Like all Transport Category-certified aircraft, these systems all have redundancy and isolation, but they are not without limitation. These limitations can change when you have a failure of a critical component such as the loss of an AC generator or its associated GCU. In addition, emergencies like one engine inoperative (OEI) events further limit rotor ice protection system (RIPS) capabilities and therefore overall aircraft performance when flying in icing conditions. It’s this understanding of system knowledge that needs to be raised to the highest level possible so that you can foresee conclusions based on the failure of a RIPS component at the worst possible time, especially when your operations require some level of CAT A performance.
For example, failure of the No 1 engine concludes with a completely different set of RIPS system limitations than that of a failure of the No 2 engine. This could have significant impact on completing a mission offshore, depending on which pilot (left seat or right) is expected to execute the landing.
Even when everything is going right, using any one of these systems comes with a performance penalty. Each anti-ice/de-ice system consumes heavy electrical loads and thus translates to greater fuel burn. We plan for 1,375lb/hr fuel burn as a baseline in the S-92 but we have fuel contingencies when it comes to flight planning when icing is either forecast or reported. Sikorsky iFly is a fantastic performance app that allows us to preview our take-off performance in icing conditions both all engine operating (AEO) and OEI to ensure we meet CAT A climb performance both on the runway and at the offshore installations. In a worst-case scenario, if we had severe icing in cloud at 500ft AGL on departure (with no tops in sight) and we had an engine failure after takeoff decision point (TDP), we need to know well ahead of time if we have the required climb performance with the RIPS system engaged. If we don’t have that performance, then all bets are off and we can push our pilot decision making straight up the food chain.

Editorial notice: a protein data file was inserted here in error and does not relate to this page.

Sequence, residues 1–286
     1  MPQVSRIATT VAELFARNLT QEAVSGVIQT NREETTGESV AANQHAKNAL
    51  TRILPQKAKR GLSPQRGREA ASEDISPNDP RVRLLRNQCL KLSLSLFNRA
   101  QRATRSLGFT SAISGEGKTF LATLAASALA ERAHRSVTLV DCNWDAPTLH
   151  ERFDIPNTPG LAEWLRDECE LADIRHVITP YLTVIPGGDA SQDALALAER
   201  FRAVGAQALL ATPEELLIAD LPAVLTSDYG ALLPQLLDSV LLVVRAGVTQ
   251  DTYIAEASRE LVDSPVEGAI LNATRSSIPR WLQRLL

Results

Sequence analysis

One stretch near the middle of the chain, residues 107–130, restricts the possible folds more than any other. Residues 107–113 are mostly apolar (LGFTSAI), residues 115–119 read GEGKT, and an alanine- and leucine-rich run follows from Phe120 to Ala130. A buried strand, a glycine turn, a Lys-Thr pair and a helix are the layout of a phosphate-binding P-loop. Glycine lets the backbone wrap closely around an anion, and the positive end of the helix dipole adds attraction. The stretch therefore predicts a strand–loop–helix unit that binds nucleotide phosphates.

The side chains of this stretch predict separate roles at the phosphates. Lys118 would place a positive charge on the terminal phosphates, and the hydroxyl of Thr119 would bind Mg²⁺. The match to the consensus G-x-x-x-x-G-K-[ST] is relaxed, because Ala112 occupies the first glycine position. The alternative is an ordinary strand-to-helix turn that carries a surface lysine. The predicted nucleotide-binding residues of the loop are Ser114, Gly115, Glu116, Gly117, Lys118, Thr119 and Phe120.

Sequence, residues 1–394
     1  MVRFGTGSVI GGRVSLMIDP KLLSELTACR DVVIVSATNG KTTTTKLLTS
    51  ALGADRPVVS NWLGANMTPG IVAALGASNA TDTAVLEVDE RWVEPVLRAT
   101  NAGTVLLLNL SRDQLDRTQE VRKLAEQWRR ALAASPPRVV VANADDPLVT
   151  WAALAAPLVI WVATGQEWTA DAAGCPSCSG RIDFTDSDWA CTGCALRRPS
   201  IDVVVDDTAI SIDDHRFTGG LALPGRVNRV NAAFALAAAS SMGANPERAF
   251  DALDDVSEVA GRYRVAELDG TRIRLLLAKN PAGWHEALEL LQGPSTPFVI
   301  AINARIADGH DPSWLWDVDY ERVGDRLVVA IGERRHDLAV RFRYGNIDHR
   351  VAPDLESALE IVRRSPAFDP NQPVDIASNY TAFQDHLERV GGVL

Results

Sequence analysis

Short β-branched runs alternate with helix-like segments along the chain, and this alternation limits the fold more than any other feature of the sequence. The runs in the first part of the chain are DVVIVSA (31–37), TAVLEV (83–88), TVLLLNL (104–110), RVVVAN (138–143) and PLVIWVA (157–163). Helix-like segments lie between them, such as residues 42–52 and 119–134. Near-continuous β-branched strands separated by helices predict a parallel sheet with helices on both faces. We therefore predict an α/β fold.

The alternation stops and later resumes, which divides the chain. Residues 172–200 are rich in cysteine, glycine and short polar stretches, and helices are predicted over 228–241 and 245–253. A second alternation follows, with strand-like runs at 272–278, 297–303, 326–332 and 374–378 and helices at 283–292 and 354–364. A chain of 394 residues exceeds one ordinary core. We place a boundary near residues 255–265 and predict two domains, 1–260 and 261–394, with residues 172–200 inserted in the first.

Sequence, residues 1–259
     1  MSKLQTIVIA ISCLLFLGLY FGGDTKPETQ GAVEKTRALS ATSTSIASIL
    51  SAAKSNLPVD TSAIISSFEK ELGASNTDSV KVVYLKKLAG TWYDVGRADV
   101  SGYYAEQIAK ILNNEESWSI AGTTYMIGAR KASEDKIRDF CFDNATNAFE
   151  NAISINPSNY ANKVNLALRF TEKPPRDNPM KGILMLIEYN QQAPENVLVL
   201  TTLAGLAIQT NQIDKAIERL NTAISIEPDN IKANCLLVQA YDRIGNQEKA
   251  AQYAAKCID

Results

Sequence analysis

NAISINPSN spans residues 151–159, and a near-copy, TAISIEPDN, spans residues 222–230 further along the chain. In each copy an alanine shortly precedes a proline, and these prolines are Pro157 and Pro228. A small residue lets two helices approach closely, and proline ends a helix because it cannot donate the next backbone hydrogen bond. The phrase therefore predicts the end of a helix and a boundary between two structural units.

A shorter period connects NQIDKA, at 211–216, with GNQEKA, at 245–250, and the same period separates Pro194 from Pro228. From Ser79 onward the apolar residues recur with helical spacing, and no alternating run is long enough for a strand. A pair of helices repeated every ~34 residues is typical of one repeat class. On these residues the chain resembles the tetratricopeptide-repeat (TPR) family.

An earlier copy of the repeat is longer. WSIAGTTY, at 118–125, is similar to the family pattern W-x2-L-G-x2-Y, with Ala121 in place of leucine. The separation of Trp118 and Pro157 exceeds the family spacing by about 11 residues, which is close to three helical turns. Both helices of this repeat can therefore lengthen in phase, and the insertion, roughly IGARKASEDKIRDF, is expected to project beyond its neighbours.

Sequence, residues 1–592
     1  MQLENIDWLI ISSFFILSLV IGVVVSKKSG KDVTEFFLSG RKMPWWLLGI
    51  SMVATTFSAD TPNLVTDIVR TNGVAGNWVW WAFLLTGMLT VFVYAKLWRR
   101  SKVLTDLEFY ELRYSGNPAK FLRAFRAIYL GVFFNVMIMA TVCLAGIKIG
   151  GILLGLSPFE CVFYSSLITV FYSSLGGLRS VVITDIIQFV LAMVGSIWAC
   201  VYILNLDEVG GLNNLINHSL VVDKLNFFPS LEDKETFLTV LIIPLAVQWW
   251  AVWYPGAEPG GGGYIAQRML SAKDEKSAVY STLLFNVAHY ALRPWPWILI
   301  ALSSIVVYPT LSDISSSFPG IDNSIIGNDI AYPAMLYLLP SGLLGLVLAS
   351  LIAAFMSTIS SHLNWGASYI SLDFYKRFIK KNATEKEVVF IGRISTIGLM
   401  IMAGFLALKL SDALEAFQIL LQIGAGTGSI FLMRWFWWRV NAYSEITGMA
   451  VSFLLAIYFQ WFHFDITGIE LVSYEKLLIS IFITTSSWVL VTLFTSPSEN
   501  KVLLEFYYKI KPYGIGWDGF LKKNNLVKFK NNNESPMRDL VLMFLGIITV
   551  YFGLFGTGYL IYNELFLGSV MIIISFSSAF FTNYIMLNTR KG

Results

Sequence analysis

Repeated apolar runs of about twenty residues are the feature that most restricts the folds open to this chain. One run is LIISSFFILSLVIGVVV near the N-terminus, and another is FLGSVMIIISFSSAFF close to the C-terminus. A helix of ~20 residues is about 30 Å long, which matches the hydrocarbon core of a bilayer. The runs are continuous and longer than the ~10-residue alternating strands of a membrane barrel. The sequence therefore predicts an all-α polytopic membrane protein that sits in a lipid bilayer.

Once we completely understand our RIPS system limitations and factor in our performance penalties, we can now look at weather and flight planning.